The second house also has a beautiful lawn, but it is small and functional. The family uses it daily to play or relax and makes the most of the space. They use a push-reel mower to keep the lawn tidy. Most of the yard is consumed by trees (apple, peach, pear), flowering bushes (blueberry, blackberry, raspberry), perennial plants (asparagus, rhubarb, strawberry)and annual plants (vegetable garden). The apple tree on the south side of the house provides food for pollinators in the spring, shades the house in the heat of the summer (reducing the need for air conditioning), bears fruit in the fall for the humans, wildlife and insects, and in the winter provides a sheltered place for animals, birds and insects. Weeds that grow in the lawn are used for food and medicine (dandelions, plantain, purslane).
Since most of the landscape plants chosen are drought-hardy natives, little to no watering is necessary. The perennial and annual plants provide abundant food for the humans, birds, local wildlife and insects. Everywhere you look, there are hummingbird feeders, bird baths, bat houses, mason bee houses, all sorts of little nooks and crannies that create a diverse habitat. The yard is teeming with life, abuzz with pollinators. The people who live here can walk into their backyard and find at least part of their dinner.
Where would you like to live? The barren wasteland landscape that supports no life? Or the landscape that is full of life, food and biodiversity?
Permaculture is all about making the world a beautiful, better place where ALL of the earth’s inhabitants can thrive. We had a great guest post on more Permaculture tips this winter!
Converting your landscape/yard using Permaculture Principles can seem overwhelming at first, but it helps to frame every choice by asking:
Who/what does this benefit? How?
Is there any payoff from this choice or will it just cause us pointless work, that actually damages people, animals and the environment?
Is this choice sustainable in the long run? What will happen when oil prices skyrocket?
Full disclosure: When we bought our farm, it resembled the first house – huge lawn (2 acres!) with just a few decorative plants. We’re slowly transforming our land into a “Permaculture Paradise“, but it’s definitely a work in progress! We’re very motivated by the fact that we are quickly approaching a time in history where it will be absolutely ludicrous to waste precious fossil fuel on something as unproductive as a lawn.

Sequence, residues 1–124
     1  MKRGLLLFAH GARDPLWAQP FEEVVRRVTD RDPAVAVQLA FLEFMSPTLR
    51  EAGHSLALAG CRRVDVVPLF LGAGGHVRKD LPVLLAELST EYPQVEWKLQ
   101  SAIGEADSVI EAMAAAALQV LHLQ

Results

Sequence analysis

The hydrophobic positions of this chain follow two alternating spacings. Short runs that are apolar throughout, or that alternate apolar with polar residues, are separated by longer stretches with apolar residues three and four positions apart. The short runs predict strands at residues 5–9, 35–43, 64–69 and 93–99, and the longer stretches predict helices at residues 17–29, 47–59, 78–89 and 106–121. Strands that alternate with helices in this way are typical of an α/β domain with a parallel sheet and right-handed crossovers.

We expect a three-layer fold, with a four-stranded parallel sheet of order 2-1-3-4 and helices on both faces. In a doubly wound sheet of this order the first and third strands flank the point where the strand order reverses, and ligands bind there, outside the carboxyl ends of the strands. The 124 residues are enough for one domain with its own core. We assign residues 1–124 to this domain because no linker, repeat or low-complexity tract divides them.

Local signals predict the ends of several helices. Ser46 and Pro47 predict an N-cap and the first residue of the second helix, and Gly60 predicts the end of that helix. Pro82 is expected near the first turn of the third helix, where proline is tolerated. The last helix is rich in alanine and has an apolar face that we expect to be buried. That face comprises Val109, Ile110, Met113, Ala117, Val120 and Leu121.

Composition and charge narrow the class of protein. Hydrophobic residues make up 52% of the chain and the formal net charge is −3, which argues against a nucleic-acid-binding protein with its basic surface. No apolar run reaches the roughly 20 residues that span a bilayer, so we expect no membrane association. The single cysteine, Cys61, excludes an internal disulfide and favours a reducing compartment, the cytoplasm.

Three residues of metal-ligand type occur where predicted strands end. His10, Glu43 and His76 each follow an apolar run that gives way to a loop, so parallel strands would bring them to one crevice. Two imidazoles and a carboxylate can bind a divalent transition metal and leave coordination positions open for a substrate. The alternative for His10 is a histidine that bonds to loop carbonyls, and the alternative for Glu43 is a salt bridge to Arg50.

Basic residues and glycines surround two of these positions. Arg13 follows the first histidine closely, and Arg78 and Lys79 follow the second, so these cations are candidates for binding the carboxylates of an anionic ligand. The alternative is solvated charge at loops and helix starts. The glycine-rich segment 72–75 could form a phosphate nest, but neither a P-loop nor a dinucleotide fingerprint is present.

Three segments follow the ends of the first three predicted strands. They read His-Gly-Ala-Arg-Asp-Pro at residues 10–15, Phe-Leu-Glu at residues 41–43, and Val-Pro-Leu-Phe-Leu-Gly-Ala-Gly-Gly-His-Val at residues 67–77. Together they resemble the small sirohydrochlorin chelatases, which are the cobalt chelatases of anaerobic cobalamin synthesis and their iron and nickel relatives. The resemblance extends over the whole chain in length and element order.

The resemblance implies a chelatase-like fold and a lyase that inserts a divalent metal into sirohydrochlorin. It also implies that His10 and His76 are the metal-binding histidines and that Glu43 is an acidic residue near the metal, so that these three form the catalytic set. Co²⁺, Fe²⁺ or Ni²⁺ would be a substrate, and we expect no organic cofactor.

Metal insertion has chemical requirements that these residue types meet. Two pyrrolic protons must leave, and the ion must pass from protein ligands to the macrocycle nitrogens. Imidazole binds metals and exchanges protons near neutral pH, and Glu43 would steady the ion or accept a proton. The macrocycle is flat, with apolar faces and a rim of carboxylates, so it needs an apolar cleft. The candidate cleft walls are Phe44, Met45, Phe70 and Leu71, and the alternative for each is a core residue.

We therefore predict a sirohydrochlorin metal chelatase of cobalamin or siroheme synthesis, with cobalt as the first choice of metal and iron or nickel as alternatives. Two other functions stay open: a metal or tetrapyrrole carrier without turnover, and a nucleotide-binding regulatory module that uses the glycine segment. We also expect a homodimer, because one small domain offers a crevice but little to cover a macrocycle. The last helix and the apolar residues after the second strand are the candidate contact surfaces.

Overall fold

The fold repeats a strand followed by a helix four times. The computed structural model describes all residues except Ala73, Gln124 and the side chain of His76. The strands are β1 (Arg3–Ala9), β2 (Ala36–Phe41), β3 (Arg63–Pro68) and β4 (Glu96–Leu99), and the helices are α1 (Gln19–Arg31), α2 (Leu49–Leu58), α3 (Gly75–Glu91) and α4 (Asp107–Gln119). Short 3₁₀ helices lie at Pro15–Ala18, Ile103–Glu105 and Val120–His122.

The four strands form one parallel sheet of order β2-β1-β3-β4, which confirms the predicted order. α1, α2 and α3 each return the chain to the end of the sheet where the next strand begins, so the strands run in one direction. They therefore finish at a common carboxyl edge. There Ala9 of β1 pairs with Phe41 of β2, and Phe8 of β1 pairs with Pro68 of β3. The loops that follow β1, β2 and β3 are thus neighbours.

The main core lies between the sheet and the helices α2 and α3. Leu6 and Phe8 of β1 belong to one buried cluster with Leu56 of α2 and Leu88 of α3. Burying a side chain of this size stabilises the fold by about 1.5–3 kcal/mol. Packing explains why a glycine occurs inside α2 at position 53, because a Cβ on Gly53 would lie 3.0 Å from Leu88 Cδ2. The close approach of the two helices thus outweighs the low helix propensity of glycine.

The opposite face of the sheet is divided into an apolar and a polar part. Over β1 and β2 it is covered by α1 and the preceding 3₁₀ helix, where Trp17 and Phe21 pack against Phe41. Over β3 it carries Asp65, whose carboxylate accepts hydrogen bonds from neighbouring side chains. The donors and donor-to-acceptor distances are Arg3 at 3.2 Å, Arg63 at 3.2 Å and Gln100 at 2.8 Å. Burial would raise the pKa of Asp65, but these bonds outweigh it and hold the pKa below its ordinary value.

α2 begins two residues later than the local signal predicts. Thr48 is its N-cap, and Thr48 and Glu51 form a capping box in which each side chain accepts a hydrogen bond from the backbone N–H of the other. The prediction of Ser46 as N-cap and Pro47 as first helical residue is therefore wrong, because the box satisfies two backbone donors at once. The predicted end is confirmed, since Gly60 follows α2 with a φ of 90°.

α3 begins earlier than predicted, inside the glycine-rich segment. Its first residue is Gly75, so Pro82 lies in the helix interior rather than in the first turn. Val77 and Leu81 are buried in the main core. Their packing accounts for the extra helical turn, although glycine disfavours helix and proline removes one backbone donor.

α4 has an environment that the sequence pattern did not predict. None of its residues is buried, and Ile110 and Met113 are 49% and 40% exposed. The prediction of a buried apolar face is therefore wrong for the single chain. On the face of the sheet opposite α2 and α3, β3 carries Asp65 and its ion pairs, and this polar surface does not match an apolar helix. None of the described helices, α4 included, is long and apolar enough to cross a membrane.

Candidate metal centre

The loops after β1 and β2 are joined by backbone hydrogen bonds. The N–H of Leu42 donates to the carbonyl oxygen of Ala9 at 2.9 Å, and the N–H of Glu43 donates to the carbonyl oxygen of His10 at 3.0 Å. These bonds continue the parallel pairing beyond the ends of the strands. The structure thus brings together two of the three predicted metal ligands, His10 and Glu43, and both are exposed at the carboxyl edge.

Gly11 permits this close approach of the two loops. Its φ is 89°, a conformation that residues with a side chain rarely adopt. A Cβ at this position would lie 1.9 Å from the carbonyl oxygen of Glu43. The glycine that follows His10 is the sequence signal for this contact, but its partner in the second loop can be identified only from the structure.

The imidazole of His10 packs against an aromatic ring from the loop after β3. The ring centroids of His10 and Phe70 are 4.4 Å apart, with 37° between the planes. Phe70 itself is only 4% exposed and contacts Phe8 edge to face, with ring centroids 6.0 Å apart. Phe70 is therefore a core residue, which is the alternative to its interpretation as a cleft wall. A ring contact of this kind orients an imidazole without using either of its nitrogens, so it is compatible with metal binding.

4. Rethink Your Relationship with Insects
Pesticide companies have done a wonderful job of convincing us that insects are “bad” and that we should do everything in our power to eliminate them. As a result, most of us respond to insects with fear, disgust, revulsion and sometimes even anger (“I’m going to kill all those pesky buggers!”).
However, as we have seen, this is not necessarily true – insects are not always “bad”. The majority of insects are actually beneficial to human!
If we set aside our fear and disgust, and took the time to get down on their level, perhaps we could begin to see how truly amazing insects are… and even begin to show them a little respect. After all, we could not survive without them.
Repeat after me: Insects are our allies, not our enemies!
Of course, there are some insects I could do without (mosquitoes come to mind!), but I trust that God has created incredibly complex ecosystems in which each living creature plays a vital role. How arrogant of us to think that humans know what is best for the world. How silly of us to think we can just wipe out one part of that ecosystem and not have to deal with the consequences. How ridiculous of us to try to control and “conquer” nature.
Enough of this “Man vs. Nature” nonsense. Humans ARE part of nature and every time we harm nature, we harm humans too. The current dismal state of our planet (pollution, toxic water supplies, plastic in the oceans, depleted ozone, disappearing habitats… need we go on?) is proof of our inability to grasp this concept and operate with a long-term perspective. We must change, and changing our view on insects is a simple place to start.